The Nutritional Value and Benefits of Mackerel

If you like oily fish, you shouldn't miss the opportunity to include mackerel in your diet. It's a high-quality food that provides omega 3.
The Nutritional Value and Benefits of Mackerel
Saúl Sánchez Arias

Written and verified by the nutritionist Saúl Sánchez Arias.

Last update: 16 September, 2022

Mackerel is a high-quality oily fish that should be included in the context of a varied diet to improve health. It has several benefits derived from its nutrient content, such as omega-3 fatty acids. In addition, being a small fish, it doesn’t tend to accumulate heavy metals, which will prevent changes in your central nervous system.

Before starting, it’s important to highlight that at least a couple of servings of fish should be consumed every week. There’s increasing evidence that this routine would reduce the risk of cardiovascular disease and even death from any cause.

Even though there are some species that aren’t recommended at all, mackerel is not among them. Below, we’re going to show you all its positive effects on our health.

Nutritional value of mackerel

Let’s start by talking about the nutritional value of mackerel. Every 10o grams (4 oz) of the product has about 175 calories. It provides 17 grams (0.7 oz) of proteins of high biological value and almost 10 grams of fats. Among fish, it’s one of the most energy-dense, although this isn’t a reason not to include it in a low-calorie diet with the objective of weight loss.

Some mackerel.
Mackerel is a source of omega 3, vitamins and proteins of high biological value.

It’s important to highlight that a good part of the lipids found inside the mackerel belong to the omega 3 series. These elements help modulate the levels of internal inflammation, which will help prevent many chronic and complex pathologies. According to research published in the International Journal of Molecular Sciences, a sufficient intake of these elements would help reduce the incidence of cardiovascular accidents.

As for micronutrients, the presence of vitamin B3, B12, and A in mackerel is particularly noteworthy. It’s also able to provide a good amount of essential minerals, such as phosphorus, calcium, magnesium, and potassium. Potassium has been shown to have an antagonistic effect to sodium in terms of blood pressure control. Therefore, it’s essential to include it in the diet on a regular basis.

Benefits of mackerel

The frequent inclusion of mackerel in the diet brings a series of health benefits. For example, due to its calcium content it can be an excellent food to help prevent osteoporosis. This pathology causes a progressive reduction in bone mineral density, which could lead to an increase in the incidence of fractures from advanced adulthood onwards.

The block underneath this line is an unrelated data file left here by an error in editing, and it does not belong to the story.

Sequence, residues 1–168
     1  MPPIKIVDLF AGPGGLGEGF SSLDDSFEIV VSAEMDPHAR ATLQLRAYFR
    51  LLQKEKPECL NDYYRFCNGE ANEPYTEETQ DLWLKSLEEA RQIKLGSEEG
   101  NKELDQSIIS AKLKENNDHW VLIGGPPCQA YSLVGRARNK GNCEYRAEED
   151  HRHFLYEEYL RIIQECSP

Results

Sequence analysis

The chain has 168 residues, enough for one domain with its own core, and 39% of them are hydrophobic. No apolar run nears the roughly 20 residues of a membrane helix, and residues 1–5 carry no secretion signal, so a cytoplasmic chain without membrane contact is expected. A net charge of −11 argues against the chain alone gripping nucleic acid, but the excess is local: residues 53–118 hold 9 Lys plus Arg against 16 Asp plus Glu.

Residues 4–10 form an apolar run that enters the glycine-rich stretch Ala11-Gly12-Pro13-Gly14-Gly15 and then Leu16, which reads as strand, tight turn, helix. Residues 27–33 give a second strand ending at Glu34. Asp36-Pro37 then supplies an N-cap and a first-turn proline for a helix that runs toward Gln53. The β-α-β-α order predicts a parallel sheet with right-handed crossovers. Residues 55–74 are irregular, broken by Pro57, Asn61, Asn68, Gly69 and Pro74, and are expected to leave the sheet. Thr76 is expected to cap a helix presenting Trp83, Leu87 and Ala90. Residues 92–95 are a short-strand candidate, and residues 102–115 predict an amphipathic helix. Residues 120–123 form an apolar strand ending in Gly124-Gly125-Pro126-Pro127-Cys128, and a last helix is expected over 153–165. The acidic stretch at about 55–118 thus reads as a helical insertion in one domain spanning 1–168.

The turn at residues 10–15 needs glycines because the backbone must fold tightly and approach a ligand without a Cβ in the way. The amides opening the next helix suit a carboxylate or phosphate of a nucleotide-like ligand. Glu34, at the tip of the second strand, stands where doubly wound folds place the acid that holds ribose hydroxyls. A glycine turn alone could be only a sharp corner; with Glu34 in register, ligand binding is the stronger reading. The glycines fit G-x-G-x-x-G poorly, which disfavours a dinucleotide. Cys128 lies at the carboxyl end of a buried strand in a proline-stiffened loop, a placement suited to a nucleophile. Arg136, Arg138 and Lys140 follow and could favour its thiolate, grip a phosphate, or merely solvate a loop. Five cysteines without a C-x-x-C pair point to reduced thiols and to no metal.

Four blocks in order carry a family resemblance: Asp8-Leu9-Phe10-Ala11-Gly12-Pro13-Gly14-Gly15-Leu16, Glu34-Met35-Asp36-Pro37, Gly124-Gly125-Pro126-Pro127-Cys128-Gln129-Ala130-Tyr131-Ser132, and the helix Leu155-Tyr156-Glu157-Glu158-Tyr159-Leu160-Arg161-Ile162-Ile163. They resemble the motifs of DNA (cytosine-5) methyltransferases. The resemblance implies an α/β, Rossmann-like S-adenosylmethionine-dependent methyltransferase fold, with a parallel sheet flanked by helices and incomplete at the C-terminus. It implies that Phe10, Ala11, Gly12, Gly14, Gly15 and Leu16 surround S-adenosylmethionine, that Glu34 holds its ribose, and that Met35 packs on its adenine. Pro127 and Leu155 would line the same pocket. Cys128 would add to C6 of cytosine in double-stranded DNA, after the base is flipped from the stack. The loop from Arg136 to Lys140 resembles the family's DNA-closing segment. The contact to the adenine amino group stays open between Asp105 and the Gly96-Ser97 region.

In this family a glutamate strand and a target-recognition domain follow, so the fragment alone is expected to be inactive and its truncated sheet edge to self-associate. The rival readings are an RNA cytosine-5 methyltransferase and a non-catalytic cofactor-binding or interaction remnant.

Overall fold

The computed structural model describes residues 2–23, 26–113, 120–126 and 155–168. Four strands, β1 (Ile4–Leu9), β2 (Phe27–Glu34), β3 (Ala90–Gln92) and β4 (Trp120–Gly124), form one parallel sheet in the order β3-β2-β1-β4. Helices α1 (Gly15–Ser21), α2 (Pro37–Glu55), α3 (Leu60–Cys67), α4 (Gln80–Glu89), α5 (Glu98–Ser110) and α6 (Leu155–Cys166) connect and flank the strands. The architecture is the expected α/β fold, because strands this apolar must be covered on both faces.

To help to prevent this problem, it’s necessary to optimize calcium intake and, at the same time, maintain vitamin D in an optimal range. A study published in the journal Menopause corroborates this. However, it’s important to maintain other good habits, such as the practice of strength exercise during adolescence. In this way, maximum bone mineral density is increased, which will prevent problems in the future.

Some mackerel.

We shouldn’t underestimate the effects of omega-3 fatty acids. We have already mentioned that they’re cardioprotective and help control internal inflammation levels. They’re also essential for achieving a good recovery at a muscular level and to protect lean mass from catabolism. They generate an inhibiting effect on muscle protein degradation even in the context of a hypocaloric diet.

As if this weren’t enough, it’s especially positive to consume enough omega-3 during childhood. This improves cognitive development and helps to prevent many autoimmune pathologies. In fact, nowadays many baby formula milks are supplemented with these nutrients in order to achieve a higher intake.

You may also be interested in: The Effects of Mercury in Fish

Mackerel, a high-quality fish to include in your diet

As you’ve seen, the inclusion of mackerel in the diet is considered very beneficial for good health in the medium term. It’s an excellent source of omega-3 fatty acids that will help to improve the lipid profile of the body. In addition, it provides proteins of high biological value with all the essential amino acids, which will ensure good muscle function over time.

It should also be noted that mackerel is quite versatile in the kitchen. It has a strong flavor, but it can be prepared in several different ways. Baked or in sauce, it has great organoleptic characteristics, and it will satisfy almost all tastes. It can even be canned, making it a nutritionally dense food that can be eaten anywhere and at any time.

All cited sources were thoroughly reviewed by our team to ensure their quality, reliability, currency, and validity. The bibliography of this article was considered reliable and of academic or scientific accuracy.

  • Innes JK, Calder PC. Marine Omega-3 (N-3) Fatty Acids for Cardiovascular Health: An Update for 2020. Int J Mol Sci. 2020;21(4):1362. Published 2020 Feb 18. doi:10.3390/ijms21041362
  • Filippini T, Naska A, Kasdagli MI, et al. Potassium Intake and Blood Pressure: A Dose-Response Meta-Analysis of Randomized Controlled Trials. J Am Heart Assoc. 2020;9(12):e015719. doi:10.1161/JAHA.119.015719
  • Management of Osteoporosis in Postmenopausal Women: The 2021 Position Statement of The North American Menopause Society’’ Editorial Panel. Management of osteoporosis in postmenopausal women: the 2021 position statement of The North American Menopause Society. Menopause. 2021;28(9):973-997. doi:10.1097/GME.0000000000001831

This text is provided for informational purposes only and does not replace consultation with a professional. If in doubt, consult your specialist.